- The Colorado Public Utilities Commission (PUC) has taken a major step toward advancing the state's use of battery storage, adopting an order on Wednesday to help integrate procurement mechanisms into utilities' long-term planning processes.
- The new rules require consideration of energy storage in utility planning processes, which advocates say is a "critical ingredient" to ensuring customer savings.
- State regulators and lawmakers have focused on energy storage in 2018 as the governor signed a measure on consumer-installed storage and the PUC approved an Xcel Colorado plan to retire 660 MW of coal in favor of storage and solar.
Colorado is preparing to boost its use of energy storage, especially since Xcel revamped its energy plan, committing to completely eliminate carbon emissions by 2050, and regulators are beginning to lay out rules to ensure batteries are included in utility planning processes when they acquire supply-side resources. The order approved this week by the PUC codifies the intent of legislation passed earlier in the year.
The new rules "establish requirements for a coordinated electric planning process that is to be conducted on a comprehensive, transparent, statewide basis." The PUC noted in its order that the commission "does not currently treat all electric facilities alike from the perspective of planning or procurement."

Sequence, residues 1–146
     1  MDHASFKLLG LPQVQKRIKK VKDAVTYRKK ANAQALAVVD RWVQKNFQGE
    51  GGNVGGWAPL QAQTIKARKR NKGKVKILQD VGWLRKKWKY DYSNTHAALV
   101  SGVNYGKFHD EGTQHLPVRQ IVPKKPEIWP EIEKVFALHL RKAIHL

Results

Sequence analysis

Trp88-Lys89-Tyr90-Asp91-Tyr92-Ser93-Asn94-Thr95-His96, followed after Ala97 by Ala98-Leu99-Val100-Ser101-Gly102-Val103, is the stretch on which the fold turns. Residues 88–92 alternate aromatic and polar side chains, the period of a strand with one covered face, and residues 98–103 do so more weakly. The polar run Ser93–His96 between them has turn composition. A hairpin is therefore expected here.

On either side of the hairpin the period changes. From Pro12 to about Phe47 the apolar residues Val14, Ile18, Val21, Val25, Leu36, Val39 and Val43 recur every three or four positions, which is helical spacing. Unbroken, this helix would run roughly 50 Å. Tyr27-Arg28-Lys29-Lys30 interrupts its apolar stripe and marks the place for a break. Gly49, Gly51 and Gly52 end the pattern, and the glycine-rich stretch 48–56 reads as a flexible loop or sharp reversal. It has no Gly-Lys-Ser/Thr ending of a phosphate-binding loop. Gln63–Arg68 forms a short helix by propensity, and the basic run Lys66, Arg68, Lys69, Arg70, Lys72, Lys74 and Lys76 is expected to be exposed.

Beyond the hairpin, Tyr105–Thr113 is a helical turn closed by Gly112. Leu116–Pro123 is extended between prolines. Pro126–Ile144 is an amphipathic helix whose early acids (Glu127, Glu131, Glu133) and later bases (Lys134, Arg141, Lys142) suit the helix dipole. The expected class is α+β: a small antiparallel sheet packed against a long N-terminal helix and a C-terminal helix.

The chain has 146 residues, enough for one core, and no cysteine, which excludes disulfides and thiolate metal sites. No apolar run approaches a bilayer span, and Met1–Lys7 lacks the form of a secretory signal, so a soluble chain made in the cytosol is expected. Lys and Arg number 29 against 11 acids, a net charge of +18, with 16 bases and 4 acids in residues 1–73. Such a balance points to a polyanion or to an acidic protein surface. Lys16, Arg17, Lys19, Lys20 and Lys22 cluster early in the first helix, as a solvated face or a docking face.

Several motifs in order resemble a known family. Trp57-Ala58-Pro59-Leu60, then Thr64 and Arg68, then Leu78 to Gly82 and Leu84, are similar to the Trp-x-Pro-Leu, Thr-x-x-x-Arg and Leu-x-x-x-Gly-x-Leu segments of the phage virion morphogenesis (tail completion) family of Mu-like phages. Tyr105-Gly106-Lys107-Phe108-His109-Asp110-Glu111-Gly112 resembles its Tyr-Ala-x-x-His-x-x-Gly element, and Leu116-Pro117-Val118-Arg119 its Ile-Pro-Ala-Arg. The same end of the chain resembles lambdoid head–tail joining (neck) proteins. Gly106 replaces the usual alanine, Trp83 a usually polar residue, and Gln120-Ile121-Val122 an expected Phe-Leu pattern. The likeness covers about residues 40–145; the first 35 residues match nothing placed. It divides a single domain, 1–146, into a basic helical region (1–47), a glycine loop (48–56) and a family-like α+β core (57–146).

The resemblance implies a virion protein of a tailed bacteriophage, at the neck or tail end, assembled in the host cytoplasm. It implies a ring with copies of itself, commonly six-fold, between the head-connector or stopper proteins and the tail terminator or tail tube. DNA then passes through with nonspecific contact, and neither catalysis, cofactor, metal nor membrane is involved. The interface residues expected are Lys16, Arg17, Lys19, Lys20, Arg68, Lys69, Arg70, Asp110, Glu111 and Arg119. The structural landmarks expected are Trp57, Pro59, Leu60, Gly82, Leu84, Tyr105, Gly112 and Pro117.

The Energy Storage Association in a statement celebrated the PUC's move, saying the new rules "raise the bar for including energy storage in utility planning."
Following the passage of then underlying legislation, ESA said the commission "took its own momentous step toward leveling the playing field for energy storage and other flexible technologies." Requiring consideration of energy storage in utility planning processes will be a "critical ingredient to ensuring the greatest savings for ratepayers," the group said.
A previous bill passed by lawmakers directed the PUC to adopt rules governing the installation, interconnection and use of customer-sited energy storage systems, setting some parameters for interconnection reviews.
Colorado's legislature "has made it clear that storage must be considered as an option for cost-effective electric service," ESA said in a statement.